If you or a loved one is struggling with addiction in New Jersey, resources are available to help. One of the first steps to getting treatment is determining what your health insurance plan will cover. Fortunately, free insurance evaluations in New Jersey can help you understand your options.
To get started, you can reach out to local addiction treatment centers and ask if they offer free insurance evaluations. For instance, you can speak to a representative at Quantum to verify if we accept your insurance. Most private insurance providers are accepted, but the amount of coverage you get will vary according to your plan. Even if your insurance is out-of-network with your preferred treatment center, treatment may still be covered.
The Pew Charitable Trusts. (2021). The high price of the opioid crisis, 2021. The Pew Charitable Trusts. https://www.pewtrusts.org/en/research-and-analysis/data-visualizations/2021/the-high-price-of-the-opioid-crisis-2021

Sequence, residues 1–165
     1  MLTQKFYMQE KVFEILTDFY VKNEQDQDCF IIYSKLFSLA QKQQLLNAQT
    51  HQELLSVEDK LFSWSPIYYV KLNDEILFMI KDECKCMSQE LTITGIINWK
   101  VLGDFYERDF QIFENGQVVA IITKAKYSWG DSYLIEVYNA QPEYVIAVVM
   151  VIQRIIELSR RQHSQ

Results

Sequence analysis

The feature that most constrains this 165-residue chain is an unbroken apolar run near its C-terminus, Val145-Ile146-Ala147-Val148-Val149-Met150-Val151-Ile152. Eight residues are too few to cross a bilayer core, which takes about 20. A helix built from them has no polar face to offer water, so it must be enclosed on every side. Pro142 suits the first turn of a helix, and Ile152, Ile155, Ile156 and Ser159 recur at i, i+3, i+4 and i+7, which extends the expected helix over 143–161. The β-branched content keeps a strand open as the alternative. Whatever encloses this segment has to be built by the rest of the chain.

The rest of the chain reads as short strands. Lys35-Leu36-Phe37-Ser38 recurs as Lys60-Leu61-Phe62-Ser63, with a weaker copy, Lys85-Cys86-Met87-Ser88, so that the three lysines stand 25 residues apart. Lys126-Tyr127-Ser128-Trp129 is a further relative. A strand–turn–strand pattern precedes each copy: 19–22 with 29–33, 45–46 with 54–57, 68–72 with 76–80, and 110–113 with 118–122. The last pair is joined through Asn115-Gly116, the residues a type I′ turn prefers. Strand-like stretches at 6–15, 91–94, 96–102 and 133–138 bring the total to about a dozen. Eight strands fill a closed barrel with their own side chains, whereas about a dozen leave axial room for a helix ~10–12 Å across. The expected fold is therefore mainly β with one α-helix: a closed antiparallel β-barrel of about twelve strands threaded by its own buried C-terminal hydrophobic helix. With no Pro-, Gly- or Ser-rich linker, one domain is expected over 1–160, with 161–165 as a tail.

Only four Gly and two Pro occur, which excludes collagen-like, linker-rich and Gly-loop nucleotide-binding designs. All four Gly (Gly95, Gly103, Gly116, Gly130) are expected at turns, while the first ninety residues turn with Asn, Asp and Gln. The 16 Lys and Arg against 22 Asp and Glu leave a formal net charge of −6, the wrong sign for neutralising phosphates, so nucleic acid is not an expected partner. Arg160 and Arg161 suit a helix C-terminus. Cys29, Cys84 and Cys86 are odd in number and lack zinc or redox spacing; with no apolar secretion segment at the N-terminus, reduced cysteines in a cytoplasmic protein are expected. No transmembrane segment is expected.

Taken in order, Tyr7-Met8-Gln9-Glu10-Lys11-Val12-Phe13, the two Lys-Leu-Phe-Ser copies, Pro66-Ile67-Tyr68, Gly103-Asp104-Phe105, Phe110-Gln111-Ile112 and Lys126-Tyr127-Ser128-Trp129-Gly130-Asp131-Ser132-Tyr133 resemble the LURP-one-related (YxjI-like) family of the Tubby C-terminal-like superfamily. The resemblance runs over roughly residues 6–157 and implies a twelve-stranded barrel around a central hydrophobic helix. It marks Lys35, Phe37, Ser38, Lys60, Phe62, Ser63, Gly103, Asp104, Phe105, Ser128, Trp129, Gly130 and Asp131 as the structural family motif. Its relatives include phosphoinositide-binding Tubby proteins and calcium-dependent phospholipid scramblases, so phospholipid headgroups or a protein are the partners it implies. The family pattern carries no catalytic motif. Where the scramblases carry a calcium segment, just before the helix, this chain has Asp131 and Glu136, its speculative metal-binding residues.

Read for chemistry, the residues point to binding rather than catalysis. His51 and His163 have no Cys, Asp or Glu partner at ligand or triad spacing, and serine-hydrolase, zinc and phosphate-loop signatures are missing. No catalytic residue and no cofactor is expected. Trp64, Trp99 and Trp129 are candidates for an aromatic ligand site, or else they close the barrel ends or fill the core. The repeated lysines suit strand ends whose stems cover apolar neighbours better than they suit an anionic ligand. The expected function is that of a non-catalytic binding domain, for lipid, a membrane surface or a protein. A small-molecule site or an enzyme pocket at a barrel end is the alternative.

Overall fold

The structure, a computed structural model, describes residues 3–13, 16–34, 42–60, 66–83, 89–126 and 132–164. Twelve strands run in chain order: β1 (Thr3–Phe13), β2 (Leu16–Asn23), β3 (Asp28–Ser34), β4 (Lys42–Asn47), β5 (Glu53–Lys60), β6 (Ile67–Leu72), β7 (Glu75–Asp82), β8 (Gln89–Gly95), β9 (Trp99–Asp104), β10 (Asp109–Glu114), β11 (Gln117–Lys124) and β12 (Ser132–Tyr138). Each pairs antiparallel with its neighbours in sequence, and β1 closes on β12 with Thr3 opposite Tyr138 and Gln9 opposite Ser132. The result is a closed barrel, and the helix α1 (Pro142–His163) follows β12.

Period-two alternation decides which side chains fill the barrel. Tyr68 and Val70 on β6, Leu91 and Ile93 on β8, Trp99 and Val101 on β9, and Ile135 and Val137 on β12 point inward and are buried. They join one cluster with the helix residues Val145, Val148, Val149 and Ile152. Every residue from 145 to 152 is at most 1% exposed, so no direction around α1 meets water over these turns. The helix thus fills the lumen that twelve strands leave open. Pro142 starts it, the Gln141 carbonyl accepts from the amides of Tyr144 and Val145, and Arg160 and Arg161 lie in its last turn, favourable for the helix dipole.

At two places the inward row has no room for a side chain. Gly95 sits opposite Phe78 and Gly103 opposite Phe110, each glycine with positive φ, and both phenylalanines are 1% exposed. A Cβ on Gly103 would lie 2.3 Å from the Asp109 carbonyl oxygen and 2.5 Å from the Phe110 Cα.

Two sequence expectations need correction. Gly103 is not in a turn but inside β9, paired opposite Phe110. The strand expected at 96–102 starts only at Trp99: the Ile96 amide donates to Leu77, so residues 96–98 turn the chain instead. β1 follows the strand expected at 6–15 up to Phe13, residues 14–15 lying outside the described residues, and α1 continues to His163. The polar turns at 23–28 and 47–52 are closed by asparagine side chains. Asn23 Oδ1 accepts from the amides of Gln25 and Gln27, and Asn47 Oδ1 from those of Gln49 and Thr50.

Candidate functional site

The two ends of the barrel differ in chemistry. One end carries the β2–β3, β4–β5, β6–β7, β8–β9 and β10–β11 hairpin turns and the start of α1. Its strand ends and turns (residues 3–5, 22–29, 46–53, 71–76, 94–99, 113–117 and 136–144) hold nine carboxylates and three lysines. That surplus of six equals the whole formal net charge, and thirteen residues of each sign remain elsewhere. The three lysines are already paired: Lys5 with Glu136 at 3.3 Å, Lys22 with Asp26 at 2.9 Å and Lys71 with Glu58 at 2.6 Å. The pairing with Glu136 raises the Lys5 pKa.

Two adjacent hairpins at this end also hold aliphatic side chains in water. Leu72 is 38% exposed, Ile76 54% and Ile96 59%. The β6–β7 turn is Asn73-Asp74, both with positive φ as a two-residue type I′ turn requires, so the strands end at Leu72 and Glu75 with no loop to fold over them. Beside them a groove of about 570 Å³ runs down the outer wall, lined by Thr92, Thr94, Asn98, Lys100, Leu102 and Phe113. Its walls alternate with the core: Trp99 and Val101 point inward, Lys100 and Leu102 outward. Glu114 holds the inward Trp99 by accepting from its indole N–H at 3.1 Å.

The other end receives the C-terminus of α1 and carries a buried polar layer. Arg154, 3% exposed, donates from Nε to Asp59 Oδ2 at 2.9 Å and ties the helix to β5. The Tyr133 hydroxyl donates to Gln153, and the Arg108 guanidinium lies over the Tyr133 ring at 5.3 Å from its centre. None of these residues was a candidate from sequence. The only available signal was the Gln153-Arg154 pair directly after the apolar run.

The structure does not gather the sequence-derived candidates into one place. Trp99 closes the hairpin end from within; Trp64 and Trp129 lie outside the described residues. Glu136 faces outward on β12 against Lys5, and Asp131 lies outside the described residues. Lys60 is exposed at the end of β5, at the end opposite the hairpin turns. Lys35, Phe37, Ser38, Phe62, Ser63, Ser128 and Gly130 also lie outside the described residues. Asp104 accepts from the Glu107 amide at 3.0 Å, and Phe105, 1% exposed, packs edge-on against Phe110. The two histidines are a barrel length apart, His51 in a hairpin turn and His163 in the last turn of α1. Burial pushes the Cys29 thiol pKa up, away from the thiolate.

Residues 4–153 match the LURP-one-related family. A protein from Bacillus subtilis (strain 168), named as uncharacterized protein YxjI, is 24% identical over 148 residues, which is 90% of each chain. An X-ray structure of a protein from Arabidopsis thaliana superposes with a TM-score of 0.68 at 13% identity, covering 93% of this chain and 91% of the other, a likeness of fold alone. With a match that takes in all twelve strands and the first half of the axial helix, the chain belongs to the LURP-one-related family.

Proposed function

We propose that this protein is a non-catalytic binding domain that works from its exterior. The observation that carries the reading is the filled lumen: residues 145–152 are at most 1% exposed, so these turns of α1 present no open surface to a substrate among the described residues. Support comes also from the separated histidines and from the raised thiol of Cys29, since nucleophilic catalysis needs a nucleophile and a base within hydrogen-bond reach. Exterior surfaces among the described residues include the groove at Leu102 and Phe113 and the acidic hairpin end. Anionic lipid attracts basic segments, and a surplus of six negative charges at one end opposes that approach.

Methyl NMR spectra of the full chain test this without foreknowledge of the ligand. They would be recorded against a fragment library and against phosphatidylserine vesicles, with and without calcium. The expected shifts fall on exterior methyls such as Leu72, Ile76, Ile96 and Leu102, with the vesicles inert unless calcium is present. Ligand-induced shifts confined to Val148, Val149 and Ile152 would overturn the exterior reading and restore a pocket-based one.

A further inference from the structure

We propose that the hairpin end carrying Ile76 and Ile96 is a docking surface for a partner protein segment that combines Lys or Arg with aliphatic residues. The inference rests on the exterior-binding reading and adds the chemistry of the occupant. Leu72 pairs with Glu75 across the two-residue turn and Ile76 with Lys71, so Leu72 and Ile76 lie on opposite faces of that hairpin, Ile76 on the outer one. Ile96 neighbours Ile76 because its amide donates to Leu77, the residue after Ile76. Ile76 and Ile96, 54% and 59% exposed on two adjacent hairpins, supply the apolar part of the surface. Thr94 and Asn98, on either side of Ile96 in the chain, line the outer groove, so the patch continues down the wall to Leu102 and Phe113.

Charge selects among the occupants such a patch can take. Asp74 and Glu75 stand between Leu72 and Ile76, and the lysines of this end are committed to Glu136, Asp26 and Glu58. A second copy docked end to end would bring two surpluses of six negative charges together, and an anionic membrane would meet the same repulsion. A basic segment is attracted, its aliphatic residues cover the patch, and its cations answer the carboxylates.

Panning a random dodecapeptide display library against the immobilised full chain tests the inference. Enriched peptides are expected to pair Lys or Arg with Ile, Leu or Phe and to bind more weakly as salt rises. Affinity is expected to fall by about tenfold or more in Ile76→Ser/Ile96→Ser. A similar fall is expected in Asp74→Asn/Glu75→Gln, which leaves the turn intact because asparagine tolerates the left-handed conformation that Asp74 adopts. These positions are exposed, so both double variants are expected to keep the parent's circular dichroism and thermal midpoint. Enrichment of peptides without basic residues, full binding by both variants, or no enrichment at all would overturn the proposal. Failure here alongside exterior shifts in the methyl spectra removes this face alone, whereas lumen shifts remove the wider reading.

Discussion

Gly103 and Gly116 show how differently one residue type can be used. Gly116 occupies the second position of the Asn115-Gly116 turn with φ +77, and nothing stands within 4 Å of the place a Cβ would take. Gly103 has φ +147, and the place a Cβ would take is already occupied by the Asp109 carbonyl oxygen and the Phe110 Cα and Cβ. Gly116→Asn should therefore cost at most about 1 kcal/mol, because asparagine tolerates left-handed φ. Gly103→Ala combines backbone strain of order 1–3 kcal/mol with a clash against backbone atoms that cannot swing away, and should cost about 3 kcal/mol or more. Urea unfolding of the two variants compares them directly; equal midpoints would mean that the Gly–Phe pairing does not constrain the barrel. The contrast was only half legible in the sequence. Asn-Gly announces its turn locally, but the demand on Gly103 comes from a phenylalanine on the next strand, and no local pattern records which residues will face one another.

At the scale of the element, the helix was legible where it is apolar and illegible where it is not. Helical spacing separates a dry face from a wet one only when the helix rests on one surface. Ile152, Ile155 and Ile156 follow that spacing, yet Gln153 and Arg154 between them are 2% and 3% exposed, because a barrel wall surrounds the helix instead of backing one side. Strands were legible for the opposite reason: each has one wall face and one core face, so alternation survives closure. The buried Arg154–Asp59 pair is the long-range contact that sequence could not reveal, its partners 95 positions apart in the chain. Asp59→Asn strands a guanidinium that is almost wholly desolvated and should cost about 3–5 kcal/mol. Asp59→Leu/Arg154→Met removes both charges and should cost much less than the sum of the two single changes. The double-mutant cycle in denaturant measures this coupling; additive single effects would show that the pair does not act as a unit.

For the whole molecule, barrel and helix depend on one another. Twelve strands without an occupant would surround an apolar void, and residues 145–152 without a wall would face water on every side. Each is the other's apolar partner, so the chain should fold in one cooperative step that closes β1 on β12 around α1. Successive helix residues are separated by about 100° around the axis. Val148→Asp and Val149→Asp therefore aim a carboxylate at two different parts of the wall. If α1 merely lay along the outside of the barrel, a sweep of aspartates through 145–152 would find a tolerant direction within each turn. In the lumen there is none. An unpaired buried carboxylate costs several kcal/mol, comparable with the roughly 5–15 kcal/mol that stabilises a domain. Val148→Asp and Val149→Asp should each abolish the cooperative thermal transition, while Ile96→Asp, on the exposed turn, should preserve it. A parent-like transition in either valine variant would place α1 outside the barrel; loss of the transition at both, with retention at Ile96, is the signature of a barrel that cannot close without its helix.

Missouri Hospital Association. (2019, April). The economic cost of the opioid crisis. https://www.mhanet.com/mhaimages/Policy_Briefs/PolicyBrief_Economic_Cost_ofthe_Opioid_Crisis_inthe_U.S._0419.pdf
CSH. (2017, March). CSH policy brief | March 2017. www.csh.org. https://www.csh.org/wp-content/uploads/2017/03/NJ-Opioid-Brief-Final.pdf
National Institute on Drug Abuse. (2023, March 31). Drug overdose death rates. National Institutes of Health. https://nida.nih.gov/research-topics/trends-statistics/overdose-death-rates
STAINTON, L. H. (2021, September 2). Drug overdose deaths rising in NJ | NJ spotlight news. https://www.njspotlightnews.org/2021/09/nj-drug-overdose-deaths-rise-heroin-fentanyl-pandemic-isolation-stress/